Rent Shop Volunteer Join

Q. Who is Mr. Smarty Plants?

A: There are those who suspect Wildflower Center volunteers are the culpable and capable culprits. Yet, others think staff members play some, albeit small, role. You can torture us with your plant questions, but we will never reveal the Green Guru's secret identity.

Help us grow by giving to the Plant Database Fund or by becoming a member

Did you know you can access the Native Plant Information Network with your web-enabled smartphone?

Share

Ask Mr. Smarty Plants

Ask Mr. Smarty Plants is a free service provided by the staff and volunteers at the Lady Bird Johnson Wildflower Center.

Search Smarty Plants
See a list of all Smarty Plants questions

Please forgive us, but Mr. Smarty Plants has been overwhelmed by a flood of mail and must take a break for awhile to catch up. We hope to be accepting new questions again soon. Thank you!

Need help with plant identification, visit the plant identification page.

 
rate this answer
3 ratings

Tuesday - August 26, 2008

From: Fairfield, CA
Region: California
Topic: Non-Natives
Title: Eradicating non-native pyracantha bushes in California
Answered by: Barbara Medford

QUESTION:

We removed several pyracantha bushes but they keep coming up in other parts of the garden. How do we kill the shoots? Thank you for any help

ANSWER:

Pyracantha coccinea, also called Scarlet Firethorn, is a native of Southern Europe to the Caucasus Mountains in western Asia. Since at the Lady Bird Johnson Wildflower Center, we are dedicated to the use and protection of plants native to North America, we do not have this plant in our Native Plant Database. However, we can usually find some websites that will help.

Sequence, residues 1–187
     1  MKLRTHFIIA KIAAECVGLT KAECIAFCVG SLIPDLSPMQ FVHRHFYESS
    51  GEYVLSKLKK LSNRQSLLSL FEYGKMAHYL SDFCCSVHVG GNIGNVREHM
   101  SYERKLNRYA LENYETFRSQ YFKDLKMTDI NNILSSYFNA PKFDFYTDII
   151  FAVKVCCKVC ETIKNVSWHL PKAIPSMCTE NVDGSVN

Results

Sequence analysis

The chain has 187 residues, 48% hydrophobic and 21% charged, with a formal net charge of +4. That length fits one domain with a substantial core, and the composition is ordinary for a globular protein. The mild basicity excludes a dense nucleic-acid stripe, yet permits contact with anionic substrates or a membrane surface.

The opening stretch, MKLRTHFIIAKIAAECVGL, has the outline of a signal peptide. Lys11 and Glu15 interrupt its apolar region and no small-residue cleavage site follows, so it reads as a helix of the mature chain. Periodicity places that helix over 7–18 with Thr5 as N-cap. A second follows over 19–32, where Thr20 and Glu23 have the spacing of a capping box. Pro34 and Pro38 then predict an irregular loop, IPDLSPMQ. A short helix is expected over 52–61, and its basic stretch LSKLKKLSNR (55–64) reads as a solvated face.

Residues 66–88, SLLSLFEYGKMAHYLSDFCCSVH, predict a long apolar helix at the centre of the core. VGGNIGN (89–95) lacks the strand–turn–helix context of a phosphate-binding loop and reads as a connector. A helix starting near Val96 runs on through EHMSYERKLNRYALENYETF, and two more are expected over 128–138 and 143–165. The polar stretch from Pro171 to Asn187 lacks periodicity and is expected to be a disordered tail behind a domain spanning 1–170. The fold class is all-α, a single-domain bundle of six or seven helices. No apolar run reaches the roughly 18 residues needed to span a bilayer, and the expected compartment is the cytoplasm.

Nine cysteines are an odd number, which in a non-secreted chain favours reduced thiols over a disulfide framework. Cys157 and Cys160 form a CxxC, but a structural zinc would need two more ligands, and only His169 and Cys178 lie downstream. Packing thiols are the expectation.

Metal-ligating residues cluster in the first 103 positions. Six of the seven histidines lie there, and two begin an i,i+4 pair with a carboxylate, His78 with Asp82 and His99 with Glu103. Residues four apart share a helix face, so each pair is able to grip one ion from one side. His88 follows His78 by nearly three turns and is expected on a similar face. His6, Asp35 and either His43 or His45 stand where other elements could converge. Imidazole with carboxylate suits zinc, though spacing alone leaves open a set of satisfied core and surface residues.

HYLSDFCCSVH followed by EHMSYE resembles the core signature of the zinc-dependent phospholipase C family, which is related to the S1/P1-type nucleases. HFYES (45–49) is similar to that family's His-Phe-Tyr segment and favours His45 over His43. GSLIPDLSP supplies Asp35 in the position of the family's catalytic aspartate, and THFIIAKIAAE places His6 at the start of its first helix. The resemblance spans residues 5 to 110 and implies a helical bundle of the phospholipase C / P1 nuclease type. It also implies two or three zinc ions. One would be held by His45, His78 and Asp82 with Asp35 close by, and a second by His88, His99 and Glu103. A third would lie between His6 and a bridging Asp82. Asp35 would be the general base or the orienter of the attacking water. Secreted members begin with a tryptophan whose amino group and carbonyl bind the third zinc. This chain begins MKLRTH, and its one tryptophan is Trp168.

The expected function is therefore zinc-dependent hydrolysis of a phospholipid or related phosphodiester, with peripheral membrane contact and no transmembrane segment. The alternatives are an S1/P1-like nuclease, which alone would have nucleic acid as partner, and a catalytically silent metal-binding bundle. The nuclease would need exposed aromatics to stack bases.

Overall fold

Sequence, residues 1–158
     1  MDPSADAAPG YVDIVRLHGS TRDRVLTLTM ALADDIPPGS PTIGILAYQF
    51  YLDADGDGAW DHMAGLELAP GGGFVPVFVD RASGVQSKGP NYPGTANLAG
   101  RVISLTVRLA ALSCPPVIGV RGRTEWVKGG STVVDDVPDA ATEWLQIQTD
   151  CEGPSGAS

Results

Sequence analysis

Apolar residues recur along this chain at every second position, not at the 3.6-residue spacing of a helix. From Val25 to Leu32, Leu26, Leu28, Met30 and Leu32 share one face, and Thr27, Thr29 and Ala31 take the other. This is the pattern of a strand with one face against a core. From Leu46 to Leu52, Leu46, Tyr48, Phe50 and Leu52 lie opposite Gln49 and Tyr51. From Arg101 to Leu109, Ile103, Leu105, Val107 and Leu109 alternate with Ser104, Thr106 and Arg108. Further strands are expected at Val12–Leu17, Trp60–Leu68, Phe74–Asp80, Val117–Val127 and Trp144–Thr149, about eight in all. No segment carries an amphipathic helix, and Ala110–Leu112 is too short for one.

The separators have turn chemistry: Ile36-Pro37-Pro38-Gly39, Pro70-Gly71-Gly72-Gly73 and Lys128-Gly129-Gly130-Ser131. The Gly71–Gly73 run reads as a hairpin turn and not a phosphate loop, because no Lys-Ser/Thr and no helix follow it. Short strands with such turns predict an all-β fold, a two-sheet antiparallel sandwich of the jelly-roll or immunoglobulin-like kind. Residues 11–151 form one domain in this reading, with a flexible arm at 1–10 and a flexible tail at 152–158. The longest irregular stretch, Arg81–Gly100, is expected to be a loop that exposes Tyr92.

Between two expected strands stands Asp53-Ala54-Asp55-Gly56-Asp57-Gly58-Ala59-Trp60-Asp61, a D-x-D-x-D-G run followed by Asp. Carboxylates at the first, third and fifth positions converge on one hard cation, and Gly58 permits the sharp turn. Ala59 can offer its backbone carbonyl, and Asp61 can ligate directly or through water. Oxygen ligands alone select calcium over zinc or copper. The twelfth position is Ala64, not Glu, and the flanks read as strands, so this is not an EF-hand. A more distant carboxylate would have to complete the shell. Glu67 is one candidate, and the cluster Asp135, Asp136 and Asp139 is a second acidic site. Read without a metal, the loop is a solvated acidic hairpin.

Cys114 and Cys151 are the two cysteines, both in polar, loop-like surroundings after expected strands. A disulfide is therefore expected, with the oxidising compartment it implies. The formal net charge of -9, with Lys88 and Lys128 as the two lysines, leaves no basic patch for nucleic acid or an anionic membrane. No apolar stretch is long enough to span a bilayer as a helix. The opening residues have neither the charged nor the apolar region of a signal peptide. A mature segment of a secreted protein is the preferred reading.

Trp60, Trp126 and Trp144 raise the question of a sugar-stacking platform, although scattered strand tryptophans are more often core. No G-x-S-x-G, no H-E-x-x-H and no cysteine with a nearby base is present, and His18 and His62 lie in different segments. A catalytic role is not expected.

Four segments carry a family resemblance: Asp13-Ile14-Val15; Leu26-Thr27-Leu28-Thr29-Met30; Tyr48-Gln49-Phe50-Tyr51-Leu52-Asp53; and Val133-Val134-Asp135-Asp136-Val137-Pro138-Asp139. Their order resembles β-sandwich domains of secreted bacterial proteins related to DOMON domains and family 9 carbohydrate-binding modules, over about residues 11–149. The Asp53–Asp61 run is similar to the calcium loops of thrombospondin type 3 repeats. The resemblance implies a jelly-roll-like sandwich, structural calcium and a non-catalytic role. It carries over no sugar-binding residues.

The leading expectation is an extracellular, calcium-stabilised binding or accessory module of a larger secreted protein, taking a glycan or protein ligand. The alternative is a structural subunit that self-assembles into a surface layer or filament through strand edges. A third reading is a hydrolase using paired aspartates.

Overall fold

In this case, we have had personal experience with Pyracantha. The common name Scarlet Firethorn is certainly appropriate. More than once, in trying to prune or shape or destroy the plants, we got stabbed with those ferocious thorns. Not only did they hurt like anything, but they appeared to have some sort of venom on their tips that really burned. And when it came time to take them out, that was a problem, too. In fact, years later, preparing a flower bed in the same area, we came across big roots from the pyracantha. Since it propagates by berries, and the berries are usually prolific, and birds like the berries and bring some more in to plant in your yard, the shoots do keep popping up. There really is no quick and easy solution. If you spray them with an herbicide, you risk harming other plants more valuable to you. The first order of business is to rake up and destroy any berries you find, before they can sprout or before a bird can plant them for you. Second, just keep pulling the sprouts out. Other people in your neighborhood probably have the pyracantha bushes, too, so you'll just have to be vigilant.

 

More Non-Natives Questions

Lily plants being chewed from Austin
June 20, 2013 - Something is chewing my lily plants to the ground. Any ideas what and do I stop them?
view the full question and answer

Getting rid of giant ragweed in Austin
October 25, 2008 - How can I get rid of a large field of giant ragweed? Part of the site is a steep slope, which is difficult to mow. I want to encourage native grasses but they are crowded out by the ragweed.
view the full question and answer

Need suggestions for a privacy screen besides Murray Cypress.
October 18, 2011 - Mr. Smarty Plants, I live in NE TX, about an hour east of Dallas on I-20. I hear interstate traffic behind my house, and have a busy street on its left side, and a school adjoining in back. I thi...
view the full question and answer

Non-native, invasive mimosa trees
July 15, 2006 - I have a mimosa tree. The blooms on mine are very pale while I see many other trees with bright blooms. Is there anyway to change the color of the blooms? For instance, is the color due to the PH o...
view the full question and answer

Non-native house plants stressed from Allen TX
July 30, 2011 - I have three house plants that were plants I received from my father's funeral services. They were healthy for about two years and then we added some soil and now they are turning brown and appear t...
view the full question and answer

Support the Wildflower Center by Donating Online or Becoming a Member today.